Watching the camel and horse charge of the 2011 Egyptian revolution broke my heart. I have been documenting the Bedouin that work at the pyramids since 2007 and recognised some of the riders, they were desperate. The pyramids had been closed for days and tourism is their lifeblood. The irony was they were trying to stop a protest that would topple the man whose head of antiquities was already constructing their demise.
“To the people with camels and horses, the plateau is like a plate of gold – I want to polish it but they just shit on it.” The words of Zahi Hawass, ex-head of the Egyptian Supreme Council of Antiquities who, together with UNESCO, conceived a '3 phase plan' to completely secure and clear the pyramids of all the local Bedouin people.
The first phase was completed in 2008 when an 18 KM wall was erected around the plateau, fitted with 199 CCTV cameras and motion detectors. For the second and third phases a new entrance with museum, café and shops was being built. Situated 8KM from the Bedouin on the other side of the plateau, it would have taken all tourist buses away from the present town at the base of the pyramids. A concrete road was nearly completed for electric Dotto trains to ferry tourists around the site. To compensate and prove he wasn't being "unkind" to the local people Zahi arranged for a New stables to be built for a limited number of camels and horses, banned from the pyramids, they would have only been allowed to operate outside the perimeter wall.
A living culture was being sacrificed for an ancient one - and money. Working directly with tourists gave these men a high income compared with the average Egyptian, this had not gone unnoticed by the Supreme Council of Antiquities, a self funded body reliant on income from tourist sites.
Then, the revolution. Zahi Hawass went, the construction work stopped but so did the tourists.
The majority of the men working at the pyramids are Bedouin, no loner nomadic but proud of their traditions. Each generation must provide for the next as the the previous one has for them. "How will my son get married?" A rhetorical question I have been asked many times over the past three years. Until now the parents of the groom provided the house and the brides family bought all the goods and chattels. Banks are generally mistrusted and money is raised within the community through a never ending series of parties, each guest gives money, the amount recorded and the reciprocal amount or greater is given when the donor holds a party. It's an elegant way of raising a large amount in a small time and it constantly travels in circles around the community.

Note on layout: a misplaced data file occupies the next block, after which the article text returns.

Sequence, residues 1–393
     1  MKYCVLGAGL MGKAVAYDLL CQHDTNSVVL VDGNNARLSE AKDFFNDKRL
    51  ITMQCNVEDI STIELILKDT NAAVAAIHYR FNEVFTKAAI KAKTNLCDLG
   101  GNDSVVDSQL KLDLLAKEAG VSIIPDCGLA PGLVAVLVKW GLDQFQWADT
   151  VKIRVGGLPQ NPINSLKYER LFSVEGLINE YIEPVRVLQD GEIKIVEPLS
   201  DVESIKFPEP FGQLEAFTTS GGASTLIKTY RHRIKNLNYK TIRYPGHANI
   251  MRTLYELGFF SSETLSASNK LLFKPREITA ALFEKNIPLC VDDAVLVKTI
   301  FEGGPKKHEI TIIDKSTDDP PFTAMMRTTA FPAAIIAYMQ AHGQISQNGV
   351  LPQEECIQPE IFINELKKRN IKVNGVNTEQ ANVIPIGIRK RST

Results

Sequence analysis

Apartments were built one on top of another and after time these grew into streets and neighbourhoods comprising of extended families. Sadly strange to my western eyes, tiny children would wonder in and out of the house at will, completely safe.
Now the atmosphere is changing. After the revolution the tourists fled, leaving hundreds of owners and thousands of animals with no livelihood. Ask any parent to choose between feeding their children or their animals. So many camels went to the butchers the price crashed. Horses starved to death, dumped in the desert for the heat and the dogs. Slowly, they are giving up their homes. Forced to rent out rooms to survive, the neighbourhoods are changing. Strangers are moving in, parents watch for their children, fights break out with the newcomers. The traditional lifestyle they tried to maintain has started to erode.
Now the remaining bedouin live in limbo, the 2013 coup ridded them of the Muslim Brotherhood but resulted in many travel bans to Egypt from western governments. Now lifted and with the military in charge the Bedouin hope for a period of stability. They hope for an end to the present uncertainty in Egypt and a new government, they must also hope that a new government will not finish the nearly completed construction work and expel them.